Relatives of soldiers who lost their lives fighting in Iraq have demanded the report from a British inquiry into the invasion be published - almost five years after the investigation was given the green light.
The call came after the US senate published a damning report on torture techniques used by the CIA on suspects after 9/11.
Torture was found to be "brutal and ineffective" and often produced unreliable information, according to the report.
Now bereaved relatives of British soldiers want the long-delayed Chilcot report to be published so they can find out what happened, the Daily Mirror has reported.
Rose Gentle, 50, from Glasgow, and the other families of men and women who laid down their lives in the middle east, still have no answers.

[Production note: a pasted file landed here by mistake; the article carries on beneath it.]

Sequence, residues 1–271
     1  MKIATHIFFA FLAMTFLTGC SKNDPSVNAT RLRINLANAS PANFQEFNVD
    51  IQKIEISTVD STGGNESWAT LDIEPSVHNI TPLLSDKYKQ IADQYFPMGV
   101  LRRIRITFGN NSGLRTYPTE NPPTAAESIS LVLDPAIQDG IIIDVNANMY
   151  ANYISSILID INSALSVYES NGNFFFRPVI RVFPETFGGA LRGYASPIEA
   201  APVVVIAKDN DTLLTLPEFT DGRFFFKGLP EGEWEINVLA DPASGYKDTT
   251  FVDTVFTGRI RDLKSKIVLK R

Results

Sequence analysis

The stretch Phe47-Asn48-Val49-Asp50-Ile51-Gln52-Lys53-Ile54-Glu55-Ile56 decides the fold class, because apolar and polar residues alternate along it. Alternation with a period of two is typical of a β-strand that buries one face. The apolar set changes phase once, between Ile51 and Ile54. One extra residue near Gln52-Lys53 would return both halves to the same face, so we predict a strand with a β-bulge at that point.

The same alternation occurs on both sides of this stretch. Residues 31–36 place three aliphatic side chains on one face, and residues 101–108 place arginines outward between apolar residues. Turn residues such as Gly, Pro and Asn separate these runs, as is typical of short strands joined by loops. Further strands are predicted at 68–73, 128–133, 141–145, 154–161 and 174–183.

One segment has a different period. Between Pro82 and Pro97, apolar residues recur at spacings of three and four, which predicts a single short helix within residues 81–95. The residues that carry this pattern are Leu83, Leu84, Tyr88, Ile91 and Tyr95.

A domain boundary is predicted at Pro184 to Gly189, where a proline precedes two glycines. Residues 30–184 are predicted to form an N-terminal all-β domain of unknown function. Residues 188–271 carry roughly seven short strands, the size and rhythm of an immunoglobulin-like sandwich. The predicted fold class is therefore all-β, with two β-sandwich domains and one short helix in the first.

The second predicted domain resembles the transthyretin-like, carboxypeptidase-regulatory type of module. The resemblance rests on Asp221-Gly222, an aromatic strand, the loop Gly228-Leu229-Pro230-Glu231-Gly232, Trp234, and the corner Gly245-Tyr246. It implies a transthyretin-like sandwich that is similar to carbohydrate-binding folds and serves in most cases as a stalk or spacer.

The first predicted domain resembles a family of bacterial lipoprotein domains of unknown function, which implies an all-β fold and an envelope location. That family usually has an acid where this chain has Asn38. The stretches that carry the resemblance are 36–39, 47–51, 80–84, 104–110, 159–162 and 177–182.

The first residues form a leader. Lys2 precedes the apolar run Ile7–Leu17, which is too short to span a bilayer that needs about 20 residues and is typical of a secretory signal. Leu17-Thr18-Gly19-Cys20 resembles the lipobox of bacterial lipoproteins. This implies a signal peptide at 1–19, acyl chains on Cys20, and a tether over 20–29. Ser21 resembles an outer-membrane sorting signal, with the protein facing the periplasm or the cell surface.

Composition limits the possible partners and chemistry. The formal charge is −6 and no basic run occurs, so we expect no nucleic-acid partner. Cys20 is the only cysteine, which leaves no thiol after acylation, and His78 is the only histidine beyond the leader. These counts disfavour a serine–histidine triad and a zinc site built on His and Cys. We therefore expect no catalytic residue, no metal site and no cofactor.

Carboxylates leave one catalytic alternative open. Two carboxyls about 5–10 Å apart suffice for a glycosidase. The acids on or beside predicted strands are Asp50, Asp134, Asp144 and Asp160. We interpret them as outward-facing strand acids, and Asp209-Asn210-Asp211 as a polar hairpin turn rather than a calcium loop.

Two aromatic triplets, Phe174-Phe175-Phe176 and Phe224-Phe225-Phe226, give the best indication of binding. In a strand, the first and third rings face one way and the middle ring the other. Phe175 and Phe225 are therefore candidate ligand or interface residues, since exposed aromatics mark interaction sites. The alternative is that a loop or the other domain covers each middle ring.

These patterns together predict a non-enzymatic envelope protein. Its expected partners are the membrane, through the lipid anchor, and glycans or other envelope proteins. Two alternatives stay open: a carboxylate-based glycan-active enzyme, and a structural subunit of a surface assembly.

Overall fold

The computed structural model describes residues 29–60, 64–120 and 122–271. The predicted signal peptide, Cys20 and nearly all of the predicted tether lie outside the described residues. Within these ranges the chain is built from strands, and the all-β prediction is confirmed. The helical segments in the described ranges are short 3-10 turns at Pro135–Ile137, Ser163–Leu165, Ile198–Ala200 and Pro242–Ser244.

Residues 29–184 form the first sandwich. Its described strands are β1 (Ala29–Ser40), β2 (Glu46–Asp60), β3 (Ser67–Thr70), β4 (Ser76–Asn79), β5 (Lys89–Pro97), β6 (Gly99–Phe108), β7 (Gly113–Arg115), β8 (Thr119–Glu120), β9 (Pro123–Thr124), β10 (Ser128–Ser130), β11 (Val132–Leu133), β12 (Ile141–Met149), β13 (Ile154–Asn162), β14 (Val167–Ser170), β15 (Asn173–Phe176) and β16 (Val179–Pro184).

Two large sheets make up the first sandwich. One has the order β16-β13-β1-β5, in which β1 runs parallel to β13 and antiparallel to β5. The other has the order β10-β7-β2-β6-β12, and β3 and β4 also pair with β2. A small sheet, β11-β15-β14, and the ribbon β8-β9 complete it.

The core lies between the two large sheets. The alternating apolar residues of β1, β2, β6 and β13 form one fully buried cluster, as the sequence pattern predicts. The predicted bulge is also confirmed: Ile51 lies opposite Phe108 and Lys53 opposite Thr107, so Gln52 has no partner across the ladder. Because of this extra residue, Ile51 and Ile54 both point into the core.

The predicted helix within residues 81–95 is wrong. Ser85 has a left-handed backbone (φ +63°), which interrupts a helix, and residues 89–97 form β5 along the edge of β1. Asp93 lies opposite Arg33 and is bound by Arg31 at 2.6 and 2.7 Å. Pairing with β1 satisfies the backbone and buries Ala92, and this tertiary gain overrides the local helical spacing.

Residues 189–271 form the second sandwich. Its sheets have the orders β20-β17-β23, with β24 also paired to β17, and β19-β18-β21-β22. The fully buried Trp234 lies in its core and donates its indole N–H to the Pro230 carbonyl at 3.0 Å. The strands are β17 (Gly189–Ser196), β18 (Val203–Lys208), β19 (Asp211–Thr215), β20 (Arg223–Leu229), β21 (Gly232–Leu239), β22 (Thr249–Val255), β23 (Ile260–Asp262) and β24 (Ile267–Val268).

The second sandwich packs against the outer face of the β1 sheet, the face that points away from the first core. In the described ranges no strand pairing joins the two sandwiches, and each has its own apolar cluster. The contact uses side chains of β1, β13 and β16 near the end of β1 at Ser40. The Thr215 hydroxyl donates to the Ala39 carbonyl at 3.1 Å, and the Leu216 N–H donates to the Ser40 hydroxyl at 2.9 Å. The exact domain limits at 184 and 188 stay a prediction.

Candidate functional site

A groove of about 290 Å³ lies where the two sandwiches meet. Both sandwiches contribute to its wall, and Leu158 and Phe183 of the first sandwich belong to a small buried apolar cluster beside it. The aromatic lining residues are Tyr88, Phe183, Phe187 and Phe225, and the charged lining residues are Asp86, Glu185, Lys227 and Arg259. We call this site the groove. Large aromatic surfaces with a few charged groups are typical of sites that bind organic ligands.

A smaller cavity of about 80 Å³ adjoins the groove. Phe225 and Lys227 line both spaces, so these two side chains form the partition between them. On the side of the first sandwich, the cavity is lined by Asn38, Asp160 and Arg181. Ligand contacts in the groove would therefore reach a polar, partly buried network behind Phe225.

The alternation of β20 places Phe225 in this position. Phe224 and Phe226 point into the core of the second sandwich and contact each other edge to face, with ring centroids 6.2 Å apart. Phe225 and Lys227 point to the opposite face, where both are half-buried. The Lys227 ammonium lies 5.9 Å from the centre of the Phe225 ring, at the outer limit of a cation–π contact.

Rose called the failure to publish the report "the biggest cover up of our time".
Then Prime Minister Gordon Brown gave the go-ahead to the Chilcot Inquiry in 2009 after public pressure forced him to launch an investigation into why Britain had joined the American invasion in 2003.
A former US Vice President has condemned a shocking report into interrogation techniques used by the CIA, slamming it as "full of crap".
While it seems beyond the realms of possibility now, things can change, what is unlikely now is conceivable in 30 years time.
Shocking details about the CIA's "brutal" interrogation techniques have been laid bare. (Note: graphic descriptions may cause upset)